It's the little things that really get to you when you're trying to adjust to a new city. Accepting that certain streets don't run parallel, and you're just going to have to deal with it. Coming to terms with the surprising relative dearth of 7-11s. And, the subject of today's epic installment, becoming acquainted with the differences in washroom facilities on campus.
The first time I responded to nature's urgency on campus, after the task was finished, I came face-to-face with the following apparatus:
This, evidently, was a sink. And I had absolutely no idea how to use it. So I stood around for a bit in utter confusion and waited, hands outstretched, for someone else to finish up and show me how the friggin' sink worked. As you'd imagine, this constitutes odd behaviour for a public men's washroom. Since no one seemed to be close to finishing present business, I darted my hands under the sink. While it didn't look high-tech enough, there was a chance, however small, that it had a motion sensor. Nope. And if I looked odd before, imagine how I appeared at this point, hands outstretched like I was waiting for the water to come to me. (Which, in all fairness, I was.)
So I stood there, feeling like a complete dolt, and certainly not like someone who deserved to be in a graduate program. (I study English, dammit! Not alternative sink design!) Then the epiphany moment came. Like the blind men and the elephant, I had failed to consider the whole picture. The sink actually looked more like this:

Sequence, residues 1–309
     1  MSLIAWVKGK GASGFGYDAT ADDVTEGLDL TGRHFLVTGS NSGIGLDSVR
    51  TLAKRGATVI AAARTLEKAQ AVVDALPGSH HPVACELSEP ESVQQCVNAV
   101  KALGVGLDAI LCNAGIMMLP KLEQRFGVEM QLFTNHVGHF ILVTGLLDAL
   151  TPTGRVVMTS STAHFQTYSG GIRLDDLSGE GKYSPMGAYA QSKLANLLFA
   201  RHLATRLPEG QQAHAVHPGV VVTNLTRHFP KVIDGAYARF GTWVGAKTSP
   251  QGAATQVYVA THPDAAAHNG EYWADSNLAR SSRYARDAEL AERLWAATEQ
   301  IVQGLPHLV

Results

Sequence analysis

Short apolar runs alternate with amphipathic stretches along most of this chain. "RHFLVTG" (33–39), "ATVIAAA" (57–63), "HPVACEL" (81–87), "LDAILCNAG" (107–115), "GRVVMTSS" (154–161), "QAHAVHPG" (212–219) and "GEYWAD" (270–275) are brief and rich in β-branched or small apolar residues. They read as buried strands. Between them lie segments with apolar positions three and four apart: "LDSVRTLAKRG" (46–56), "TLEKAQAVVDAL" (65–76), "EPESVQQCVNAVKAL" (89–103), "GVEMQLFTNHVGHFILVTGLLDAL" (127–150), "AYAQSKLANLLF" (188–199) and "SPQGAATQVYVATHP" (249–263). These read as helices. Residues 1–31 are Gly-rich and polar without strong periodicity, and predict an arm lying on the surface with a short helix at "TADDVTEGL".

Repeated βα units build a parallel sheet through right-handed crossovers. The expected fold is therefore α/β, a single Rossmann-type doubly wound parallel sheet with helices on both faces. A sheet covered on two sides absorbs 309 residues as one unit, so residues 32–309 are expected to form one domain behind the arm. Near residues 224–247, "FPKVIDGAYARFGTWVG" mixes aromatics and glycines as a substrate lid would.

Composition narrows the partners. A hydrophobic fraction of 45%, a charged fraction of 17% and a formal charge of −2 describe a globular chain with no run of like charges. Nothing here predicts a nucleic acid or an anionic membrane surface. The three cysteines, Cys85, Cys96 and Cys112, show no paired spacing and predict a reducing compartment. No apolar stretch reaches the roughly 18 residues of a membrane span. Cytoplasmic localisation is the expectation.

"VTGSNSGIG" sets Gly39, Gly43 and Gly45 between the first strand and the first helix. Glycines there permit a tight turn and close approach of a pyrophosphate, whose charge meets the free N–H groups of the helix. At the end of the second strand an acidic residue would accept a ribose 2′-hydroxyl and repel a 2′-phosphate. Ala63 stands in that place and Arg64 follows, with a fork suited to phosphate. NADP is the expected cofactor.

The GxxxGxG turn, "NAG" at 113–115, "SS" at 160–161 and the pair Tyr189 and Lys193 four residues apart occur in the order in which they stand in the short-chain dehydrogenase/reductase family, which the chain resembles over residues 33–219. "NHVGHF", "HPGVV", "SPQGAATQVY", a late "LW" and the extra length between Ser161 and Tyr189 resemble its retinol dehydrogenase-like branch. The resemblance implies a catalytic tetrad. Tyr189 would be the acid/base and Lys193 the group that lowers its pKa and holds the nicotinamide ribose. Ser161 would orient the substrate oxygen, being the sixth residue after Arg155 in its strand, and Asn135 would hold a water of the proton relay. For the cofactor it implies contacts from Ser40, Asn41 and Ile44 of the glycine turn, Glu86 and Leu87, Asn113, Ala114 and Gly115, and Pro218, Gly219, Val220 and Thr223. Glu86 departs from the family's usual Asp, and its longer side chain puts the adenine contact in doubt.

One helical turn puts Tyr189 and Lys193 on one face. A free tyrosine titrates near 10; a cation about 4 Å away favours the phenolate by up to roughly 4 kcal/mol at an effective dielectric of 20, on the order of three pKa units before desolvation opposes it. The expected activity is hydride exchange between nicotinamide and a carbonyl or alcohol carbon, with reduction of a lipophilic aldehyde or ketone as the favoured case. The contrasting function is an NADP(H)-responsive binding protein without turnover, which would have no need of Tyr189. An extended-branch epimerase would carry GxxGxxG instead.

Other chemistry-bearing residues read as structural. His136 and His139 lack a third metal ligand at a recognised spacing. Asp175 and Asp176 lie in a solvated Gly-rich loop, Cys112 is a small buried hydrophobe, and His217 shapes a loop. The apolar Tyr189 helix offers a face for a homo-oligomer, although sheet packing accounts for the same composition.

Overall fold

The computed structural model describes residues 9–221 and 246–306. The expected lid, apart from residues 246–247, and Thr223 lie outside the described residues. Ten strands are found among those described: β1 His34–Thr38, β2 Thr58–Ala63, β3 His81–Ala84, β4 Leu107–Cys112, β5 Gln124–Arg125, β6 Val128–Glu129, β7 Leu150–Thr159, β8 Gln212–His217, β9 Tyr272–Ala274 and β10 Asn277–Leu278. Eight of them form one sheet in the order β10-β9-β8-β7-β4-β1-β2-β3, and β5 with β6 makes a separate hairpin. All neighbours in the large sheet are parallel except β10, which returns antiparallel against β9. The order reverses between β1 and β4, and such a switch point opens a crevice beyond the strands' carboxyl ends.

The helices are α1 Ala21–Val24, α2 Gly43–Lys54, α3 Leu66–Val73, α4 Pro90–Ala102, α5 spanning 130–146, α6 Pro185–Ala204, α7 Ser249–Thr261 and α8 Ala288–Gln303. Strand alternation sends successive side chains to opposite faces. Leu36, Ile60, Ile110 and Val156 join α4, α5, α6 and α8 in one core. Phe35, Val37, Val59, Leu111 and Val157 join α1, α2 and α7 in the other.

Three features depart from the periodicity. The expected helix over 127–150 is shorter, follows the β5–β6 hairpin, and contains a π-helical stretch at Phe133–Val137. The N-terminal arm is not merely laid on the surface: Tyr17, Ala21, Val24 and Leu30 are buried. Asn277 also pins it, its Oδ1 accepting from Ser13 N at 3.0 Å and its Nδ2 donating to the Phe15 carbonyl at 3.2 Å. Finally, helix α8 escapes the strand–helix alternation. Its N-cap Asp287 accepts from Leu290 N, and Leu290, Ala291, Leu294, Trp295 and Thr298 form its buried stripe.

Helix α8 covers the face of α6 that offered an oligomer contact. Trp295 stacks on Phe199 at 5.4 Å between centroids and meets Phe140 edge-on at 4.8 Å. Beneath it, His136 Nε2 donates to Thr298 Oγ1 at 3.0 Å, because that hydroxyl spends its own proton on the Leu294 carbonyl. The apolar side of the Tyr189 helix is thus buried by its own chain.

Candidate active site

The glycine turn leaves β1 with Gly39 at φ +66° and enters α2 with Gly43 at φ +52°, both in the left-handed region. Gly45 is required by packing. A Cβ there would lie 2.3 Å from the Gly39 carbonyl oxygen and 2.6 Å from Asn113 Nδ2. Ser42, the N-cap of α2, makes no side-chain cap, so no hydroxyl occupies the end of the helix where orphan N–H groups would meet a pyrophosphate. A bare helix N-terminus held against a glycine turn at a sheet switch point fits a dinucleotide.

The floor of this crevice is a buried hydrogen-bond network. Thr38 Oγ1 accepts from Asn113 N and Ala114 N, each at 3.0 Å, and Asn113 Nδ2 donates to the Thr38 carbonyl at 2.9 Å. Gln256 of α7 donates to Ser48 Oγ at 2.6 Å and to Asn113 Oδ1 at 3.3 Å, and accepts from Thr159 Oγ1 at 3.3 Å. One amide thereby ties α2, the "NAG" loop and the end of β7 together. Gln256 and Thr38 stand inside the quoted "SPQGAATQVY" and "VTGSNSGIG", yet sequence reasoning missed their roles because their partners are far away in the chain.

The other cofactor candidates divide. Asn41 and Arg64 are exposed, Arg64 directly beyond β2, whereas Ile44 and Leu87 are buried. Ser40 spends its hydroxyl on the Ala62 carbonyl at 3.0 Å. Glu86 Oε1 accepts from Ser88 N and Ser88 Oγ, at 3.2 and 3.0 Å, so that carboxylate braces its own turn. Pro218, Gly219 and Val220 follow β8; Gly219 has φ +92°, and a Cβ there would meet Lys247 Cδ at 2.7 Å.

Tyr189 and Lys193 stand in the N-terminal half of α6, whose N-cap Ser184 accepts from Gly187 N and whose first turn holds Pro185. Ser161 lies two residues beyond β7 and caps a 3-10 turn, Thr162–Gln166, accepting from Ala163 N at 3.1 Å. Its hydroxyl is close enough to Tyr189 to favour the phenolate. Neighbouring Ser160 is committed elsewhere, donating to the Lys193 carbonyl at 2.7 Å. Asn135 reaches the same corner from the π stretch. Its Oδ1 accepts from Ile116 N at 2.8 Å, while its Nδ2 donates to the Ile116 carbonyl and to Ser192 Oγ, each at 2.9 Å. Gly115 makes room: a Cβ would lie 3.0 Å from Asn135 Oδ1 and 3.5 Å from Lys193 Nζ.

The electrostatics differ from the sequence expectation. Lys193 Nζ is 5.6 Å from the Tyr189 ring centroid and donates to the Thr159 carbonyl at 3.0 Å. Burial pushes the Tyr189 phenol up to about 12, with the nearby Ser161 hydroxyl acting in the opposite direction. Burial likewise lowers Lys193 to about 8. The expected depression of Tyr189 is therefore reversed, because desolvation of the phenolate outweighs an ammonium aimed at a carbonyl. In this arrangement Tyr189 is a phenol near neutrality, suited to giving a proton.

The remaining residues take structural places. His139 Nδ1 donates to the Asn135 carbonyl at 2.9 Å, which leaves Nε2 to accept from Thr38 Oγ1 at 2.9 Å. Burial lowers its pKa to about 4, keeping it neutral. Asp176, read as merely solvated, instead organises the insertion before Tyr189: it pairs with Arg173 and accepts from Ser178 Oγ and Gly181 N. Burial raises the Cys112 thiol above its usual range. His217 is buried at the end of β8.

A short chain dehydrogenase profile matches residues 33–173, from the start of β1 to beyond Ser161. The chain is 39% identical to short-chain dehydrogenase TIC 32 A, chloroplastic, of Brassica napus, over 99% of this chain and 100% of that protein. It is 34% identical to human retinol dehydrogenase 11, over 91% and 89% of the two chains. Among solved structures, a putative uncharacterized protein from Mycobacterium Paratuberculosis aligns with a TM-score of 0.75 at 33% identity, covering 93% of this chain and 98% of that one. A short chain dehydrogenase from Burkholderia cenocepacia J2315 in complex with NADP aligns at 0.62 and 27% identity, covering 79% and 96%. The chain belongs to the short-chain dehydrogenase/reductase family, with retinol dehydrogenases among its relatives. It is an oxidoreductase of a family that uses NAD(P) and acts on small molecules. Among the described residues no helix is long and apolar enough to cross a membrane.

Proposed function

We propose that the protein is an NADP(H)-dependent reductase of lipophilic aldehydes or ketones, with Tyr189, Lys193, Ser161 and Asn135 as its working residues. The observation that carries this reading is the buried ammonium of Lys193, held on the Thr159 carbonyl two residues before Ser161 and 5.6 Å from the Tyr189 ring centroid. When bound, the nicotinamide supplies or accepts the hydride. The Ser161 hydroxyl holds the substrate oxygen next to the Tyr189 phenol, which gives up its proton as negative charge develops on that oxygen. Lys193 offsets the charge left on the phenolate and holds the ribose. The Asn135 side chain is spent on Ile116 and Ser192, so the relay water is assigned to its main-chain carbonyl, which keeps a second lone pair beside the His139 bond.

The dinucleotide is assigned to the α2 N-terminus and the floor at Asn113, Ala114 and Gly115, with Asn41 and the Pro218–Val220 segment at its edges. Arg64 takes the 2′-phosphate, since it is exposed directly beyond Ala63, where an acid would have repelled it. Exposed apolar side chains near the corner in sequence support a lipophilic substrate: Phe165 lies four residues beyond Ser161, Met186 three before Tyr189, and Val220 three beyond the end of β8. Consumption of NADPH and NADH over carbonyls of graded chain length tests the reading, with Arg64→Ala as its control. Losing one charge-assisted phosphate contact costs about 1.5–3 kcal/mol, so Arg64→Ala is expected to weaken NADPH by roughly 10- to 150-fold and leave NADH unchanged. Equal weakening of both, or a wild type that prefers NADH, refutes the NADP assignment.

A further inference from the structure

See the foot rail along the bottom? Step on that, and water comes out the top. It's an admirable design, really, and a low-tech solution to the age-old irony of how you wash your hands after you go to washroom to make things clean by turning on the faucet with your germ-ridden hands. It's also an example of how moving to a new city is about learning new ideas, and accepting new concepts. New concepts concerning sinks.
FYI: if you think you get weird looks in a men's room standing around trying to work the sink, that's nothing compared to the looks you get when you bring out the digital camera.
And, because no discussion of public washrooms is complete without it, here's a link to the top ten most fascinating urinals.
The number # 1 is, frankly, not that impressive in and of itself, but I think numbers 6, 5, and 10 make up for it.